Wednesday, November 29, 2023
HomeInterviewsArtistsBethany Bristow

Bethany Bristow

Bethany Bristow installing Mandala at the Museum of Art and Design in 2009

Instead of a formal biography I’ve chosen to write as myself to share with you directly a little about who I am and why I decided this was a good time to chat with Brainard.

My name is Bethany Bristow. I’m an artist and Certified Financial Planner TM living in Brooklyn, NY.  Not a typical combination both for artists with day jobs, nor financial service workers with other interests. I’ll explain below how this all came about…

About nine years ago I went through what I thought at the time was an unexpected financial crisis but now realize that some of the choices I had made left me vulnerable. I had been working part-time up until that point at a variety of jobs that paid me a modest amount and allowed me to focus primarily on my art career. I lived the way a lot of artists (and plenty of other Americans) live, hand to mouth, no budget, no contingency plan, no real emergency fund. As it happened the lease on my small loft was up for renewal and the landlord doubled the rent, which I was sensible enough to know there was no way for me to afford. I decided to move on. I had an exhibition coming up in Europe, I was tired of my day job of the last five years; I figured I’d store everything and see how it went in Europe and then pick up the pieces when I got back in a few months. Things didn’t go so well. I sold no work from the exhibition, I depleted my meager savings and I ended up homeless, but save friends who put me up on couches and housesitting. Not a great situation anywhere, never mind NYC, as housing prices were going up markedly at that time (as they have been again in the last few years).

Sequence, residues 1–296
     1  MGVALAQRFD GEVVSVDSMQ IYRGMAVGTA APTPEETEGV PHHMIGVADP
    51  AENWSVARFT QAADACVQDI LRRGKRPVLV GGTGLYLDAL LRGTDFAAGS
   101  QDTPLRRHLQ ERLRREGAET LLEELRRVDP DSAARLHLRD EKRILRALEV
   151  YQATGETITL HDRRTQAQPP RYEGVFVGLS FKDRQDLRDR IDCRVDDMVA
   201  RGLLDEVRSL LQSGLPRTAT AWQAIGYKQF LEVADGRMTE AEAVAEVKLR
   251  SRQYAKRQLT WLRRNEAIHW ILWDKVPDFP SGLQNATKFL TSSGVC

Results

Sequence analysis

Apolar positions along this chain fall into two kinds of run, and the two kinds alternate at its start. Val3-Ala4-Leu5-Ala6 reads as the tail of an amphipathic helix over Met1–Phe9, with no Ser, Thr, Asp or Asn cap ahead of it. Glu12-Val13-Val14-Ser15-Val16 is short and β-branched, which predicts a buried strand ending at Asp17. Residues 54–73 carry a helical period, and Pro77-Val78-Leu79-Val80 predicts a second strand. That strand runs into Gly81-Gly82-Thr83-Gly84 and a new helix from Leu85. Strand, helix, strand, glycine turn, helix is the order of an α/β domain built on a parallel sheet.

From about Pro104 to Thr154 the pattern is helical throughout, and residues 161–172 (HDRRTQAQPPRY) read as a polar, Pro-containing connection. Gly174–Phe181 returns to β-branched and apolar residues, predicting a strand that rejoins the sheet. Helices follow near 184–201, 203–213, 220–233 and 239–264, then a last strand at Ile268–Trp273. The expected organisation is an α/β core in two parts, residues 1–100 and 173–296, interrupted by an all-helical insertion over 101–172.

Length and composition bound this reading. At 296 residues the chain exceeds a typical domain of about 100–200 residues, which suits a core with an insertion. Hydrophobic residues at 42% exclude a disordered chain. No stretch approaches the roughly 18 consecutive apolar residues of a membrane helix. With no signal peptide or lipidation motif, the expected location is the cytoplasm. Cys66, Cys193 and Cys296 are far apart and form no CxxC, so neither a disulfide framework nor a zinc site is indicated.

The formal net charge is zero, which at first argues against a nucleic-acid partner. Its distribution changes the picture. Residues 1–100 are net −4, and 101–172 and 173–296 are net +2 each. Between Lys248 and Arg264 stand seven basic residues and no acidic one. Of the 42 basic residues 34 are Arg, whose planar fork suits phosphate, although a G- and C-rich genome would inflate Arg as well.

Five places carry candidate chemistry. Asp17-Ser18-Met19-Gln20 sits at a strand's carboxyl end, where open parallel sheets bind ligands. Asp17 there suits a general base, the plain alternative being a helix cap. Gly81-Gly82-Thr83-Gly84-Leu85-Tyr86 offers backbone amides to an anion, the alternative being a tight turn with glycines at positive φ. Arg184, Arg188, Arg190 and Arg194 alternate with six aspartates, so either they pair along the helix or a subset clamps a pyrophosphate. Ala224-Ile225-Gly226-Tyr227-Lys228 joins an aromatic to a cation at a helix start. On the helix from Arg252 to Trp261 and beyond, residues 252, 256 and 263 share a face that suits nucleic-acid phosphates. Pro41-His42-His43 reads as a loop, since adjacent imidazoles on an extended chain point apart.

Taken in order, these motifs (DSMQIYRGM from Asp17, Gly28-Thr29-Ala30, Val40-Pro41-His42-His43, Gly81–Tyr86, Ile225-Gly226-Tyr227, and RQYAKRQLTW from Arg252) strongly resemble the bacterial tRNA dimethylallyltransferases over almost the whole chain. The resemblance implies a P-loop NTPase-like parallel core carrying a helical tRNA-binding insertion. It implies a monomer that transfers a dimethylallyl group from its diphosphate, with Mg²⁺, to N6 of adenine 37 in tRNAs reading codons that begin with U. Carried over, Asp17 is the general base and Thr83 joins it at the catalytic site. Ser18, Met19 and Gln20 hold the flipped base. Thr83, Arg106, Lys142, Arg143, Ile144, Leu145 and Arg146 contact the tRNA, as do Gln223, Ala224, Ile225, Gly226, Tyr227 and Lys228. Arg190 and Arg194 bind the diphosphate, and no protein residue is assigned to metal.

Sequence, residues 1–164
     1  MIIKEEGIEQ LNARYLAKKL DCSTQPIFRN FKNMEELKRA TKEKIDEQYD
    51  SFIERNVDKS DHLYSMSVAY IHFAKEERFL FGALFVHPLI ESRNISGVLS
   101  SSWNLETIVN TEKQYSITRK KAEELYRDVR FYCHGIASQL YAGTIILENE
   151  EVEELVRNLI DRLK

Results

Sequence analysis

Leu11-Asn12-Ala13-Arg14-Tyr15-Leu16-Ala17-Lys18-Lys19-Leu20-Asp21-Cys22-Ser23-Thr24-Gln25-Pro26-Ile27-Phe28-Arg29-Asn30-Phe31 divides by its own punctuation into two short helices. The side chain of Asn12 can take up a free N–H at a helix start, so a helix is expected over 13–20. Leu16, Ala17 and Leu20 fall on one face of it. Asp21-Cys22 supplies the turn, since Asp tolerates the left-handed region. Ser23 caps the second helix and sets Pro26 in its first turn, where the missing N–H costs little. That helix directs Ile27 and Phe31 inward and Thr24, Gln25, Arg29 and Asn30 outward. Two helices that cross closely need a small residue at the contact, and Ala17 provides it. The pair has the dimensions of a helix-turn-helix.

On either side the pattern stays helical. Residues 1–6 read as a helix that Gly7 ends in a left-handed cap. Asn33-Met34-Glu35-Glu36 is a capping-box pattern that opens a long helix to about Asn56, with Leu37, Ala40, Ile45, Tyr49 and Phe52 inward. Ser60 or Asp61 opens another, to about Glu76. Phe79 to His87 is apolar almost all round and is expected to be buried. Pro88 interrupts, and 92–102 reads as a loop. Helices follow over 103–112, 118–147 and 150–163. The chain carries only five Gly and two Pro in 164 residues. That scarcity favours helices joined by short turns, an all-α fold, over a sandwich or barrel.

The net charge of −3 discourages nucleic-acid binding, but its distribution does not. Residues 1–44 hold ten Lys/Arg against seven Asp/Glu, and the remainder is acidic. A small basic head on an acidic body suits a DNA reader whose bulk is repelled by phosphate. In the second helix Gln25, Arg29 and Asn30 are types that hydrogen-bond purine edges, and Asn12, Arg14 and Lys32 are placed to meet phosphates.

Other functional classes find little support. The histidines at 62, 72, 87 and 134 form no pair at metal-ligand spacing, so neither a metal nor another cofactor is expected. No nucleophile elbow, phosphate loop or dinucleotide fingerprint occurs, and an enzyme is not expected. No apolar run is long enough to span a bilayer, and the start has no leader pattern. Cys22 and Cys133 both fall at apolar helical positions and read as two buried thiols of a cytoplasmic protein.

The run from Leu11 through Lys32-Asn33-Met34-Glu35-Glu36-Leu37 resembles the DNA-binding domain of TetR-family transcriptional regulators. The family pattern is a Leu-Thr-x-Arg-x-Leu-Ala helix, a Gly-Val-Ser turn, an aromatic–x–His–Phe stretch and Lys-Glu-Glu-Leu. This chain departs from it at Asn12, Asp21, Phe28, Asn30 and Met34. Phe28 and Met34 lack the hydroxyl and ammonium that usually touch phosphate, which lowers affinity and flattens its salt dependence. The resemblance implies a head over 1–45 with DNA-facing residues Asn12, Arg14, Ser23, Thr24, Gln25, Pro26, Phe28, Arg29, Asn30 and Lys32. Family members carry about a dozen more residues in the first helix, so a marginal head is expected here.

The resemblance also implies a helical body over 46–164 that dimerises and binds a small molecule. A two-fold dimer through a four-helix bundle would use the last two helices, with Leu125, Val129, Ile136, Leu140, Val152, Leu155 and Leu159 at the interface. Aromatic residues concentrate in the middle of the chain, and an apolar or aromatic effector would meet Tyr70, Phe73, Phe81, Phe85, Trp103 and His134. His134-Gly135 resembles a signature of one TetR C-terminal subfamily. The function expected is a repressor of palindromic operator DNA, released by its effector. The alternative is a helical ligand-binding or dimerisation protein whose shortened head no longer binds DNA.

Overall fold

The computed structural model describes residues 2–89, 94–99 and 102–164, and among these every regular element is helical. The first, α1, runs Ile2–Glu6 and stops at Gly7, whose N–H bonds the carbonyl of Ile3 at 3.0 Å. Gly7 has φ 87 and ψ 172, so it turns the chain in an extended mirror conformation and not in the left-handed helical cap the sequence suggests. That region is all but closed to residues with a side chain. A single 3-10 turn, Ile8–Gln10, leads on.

Unexpectedly and perhaps ironically, part of my getting out of this crisis situation was taking a job in financial services or as it is sometimes called, “Wall Street”. A label that conjures up everything from the Occupy Wall Street movement to stock brokers who “make money the old fashioned way, they earn it”, to Tom Wolfe’s Bonfire of the Vanities “Masters of the Universe”, to silicon alley hedge funders, and other snarky moneyed types who some times buy art.

It was through art world connections that I got my foot in the door of this new world. It was both enthralling and terrifying. There was a whole new language and culture to learn. I approached it like an art project. I analyzed the environment, I looked for things that needed my attention, ways to connect with an audience, how to make meaning. My new colleagues were incredibly generous in giving me a chance to learn the ropes and listened to my different perspective. Opportunities to learn and grow kept opening up. Making a decent amount of money for the first time in my life was strangely satisfying.

While I’m not the first artist to have a day job in the financial sector, Jeff Koons, Paul Gaugin and Franz Kafka immediately come to mind, it is unusual and not what artists typically find themselves doing. For me, the simple fact of being an artist as well as a woman placed me on the outside, while being on the inside, in some ways a distinct advantage, lemonade out of lemons. This different perspective has helped me think critically about my positioning both in my life as an artist, as well as my second profession as a financial planner.